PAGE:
"Since you're an attorney, would you recommend Goichberg and Hall to continue these multiple lawsuits based on what's known so far?"
I drafted a response, but decided that it would probably give the moderator a heart attack, so I will post my response here:
Complex question, and one that is difficult to answer based on the information available publicly. Because there are 5 separate lawsuits, it is really 5 different questions (although the Sloan and Parker lawsuits are, for purposes of this analysis very similar).
I should also include a lawyerly disclaimer. The following is strictly my personal opinion. I do not represent, and have not represented, any party to any of the pending litigation. I can also only rely on such documentation that has been made public. I also have been following USCF's various adventures in litigation as a hobby only. (Memo to self: Must get life. Must get out more often.) While I have had the chance to read many of the various filings, I have not had a chance to review supporting law, and I do not claim any familiarity with the law of Texas, California, or Illinois. I have also not had the time or the inclination to do a detailed, point by point analysis of all the various allegations. With that said:
1. The Sloan and Parker suits really aren't within USCF's control. USCF is on the defense, and the defense is being handled by the insurance company. USCF really shouldn't interfere in those suits, which may disappear in the natural course of events.
2. The Texas action filed by Ms. Polgar is also, to a great degree, out of USCF's hands because USCF is the defendant. Now the USCF has filed a third-party action against Mr. Truong, and I have serious doubts about the wisdom of bringing him into the action. I am, at this point, generally supportive of a vigorous defense of this action, by USCF and its directors.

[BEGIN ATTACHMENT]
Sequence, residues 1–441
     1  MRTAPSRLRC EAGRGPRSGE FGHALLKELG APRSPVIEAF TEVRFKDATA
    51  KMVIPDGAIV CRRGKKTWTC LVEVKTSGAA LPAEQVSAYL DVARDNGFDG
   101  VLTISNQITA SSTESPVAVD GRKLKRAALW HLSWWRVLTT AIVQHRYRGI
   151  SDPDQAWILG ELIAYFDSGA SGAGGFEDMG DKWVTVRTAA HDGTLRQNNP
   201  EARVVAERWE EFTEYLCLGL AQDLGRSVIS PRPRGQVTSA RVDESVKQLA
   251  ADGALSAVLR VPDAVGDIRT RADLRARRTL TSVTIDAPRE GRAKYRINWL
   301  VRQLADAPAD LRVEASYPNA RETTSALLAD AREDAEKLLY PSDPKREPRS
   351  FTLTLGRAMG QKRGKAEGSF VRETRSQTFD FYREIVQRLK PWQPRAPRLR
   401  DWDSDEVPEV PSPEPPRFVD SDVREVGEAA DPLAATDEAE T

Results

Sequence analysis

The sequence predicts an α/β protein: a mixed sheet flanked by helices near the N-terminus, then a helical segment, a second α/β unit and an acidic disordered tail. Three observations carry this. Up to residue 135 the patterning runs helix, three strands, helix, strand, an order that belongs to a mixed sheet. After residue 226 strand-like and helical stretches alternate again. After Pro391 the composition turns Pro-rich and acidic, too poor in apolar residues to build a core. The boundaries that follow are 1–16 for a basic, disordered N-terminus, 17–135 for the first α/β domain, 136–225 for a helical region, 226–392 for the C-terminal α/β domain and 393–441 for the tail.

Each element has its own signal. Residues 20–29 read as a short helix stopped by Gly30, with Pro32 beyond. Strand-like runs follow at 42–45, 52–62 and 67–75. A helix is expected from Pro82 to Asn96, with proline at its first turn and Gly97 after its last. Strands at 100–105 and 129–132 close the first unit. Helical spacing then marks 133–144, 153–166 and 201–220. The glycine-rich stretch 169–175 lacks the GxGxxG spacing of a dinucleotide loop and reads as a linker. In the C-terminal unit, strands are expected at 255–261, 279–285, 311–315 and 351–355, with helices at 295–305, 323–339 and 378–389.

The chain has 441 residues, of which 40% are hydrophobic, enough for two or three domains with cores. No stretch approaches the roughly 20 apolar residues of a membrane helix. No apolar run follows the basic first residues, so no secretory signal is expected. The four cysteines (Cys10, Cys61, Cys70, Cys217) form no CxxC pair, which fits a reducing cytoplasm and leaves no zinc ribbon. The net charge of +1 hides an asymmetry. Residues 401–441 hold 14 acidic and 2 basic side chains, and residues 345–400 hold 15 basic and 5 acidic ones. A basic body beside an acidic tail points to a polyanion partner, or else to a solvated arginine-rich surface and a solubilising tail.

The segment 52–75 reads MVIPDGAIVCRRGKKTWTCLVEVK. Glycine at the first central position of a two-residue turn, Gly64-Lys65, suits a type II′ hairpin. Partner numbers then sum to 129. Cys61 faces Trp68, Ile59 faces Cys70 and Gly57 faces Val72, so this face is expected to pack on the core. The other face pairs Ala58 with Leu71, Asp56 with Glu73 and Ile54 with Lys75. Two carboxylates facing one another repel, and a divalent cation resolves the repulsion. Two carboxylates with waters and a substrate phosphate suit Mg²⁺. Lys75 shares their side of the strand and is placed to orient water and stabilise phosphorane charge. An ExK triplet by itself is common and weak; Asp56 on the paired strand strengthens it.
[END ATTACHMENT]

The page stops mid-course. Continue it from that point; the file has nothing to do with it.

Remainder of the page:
a. Ms. Polgar's allegations pertaining to the Mottershead report have an obvious and glaring fundamental flaw: The Motorshead report is all about Mr. Truong, not Ms. Polgar. The Answers filed by the defendants pounded on that flaw repeatedly.
b. Some of the acts alleged to be performed by Mr. Lafferty, Mr. Mottershead and Mr. Bogner are highly unlikely to be imputed to USCF.
c. I find the allegations of a grandiose conspiracy to be inherently unlikely.
3. As far as the California action is concerned, I don't have enough information to assess how strong this case is or isn't. That requires technical evidence and expertise that isn't publicly available. I also have serious doubts as to what can be gained from that litigation ultimately, and whether those gains will be worth the financial investment.
4. As far as the Illinois action, the advisability of that action splits into two parts: (a) the removal of Mr. Truong and (b) the removal of Ms. Polgar.
The advisability of pursuing Mr. Truong's depends primarily on the analysis of the Mottershead report. If you believe the Mottershead report, then Mr. Truong should not be a director of USCF -- not because of the Sloan and Parker suits, but because of the danger of persons suing USCF who, unlike Parker and Sloan, had reputations that could be damaged.
The advisability of removing Ms. Polgar is much less clear to me. I do have a serious problem with her suing USCF for ungodly amounts of money. If it is proven that she posted confidential USCF material on the web, I also have a real problem with that. On the other hand, Ms. Polgar has so much to offer chess that I would much prefer that a way could be found that the litigation could settle and the could remain on the board.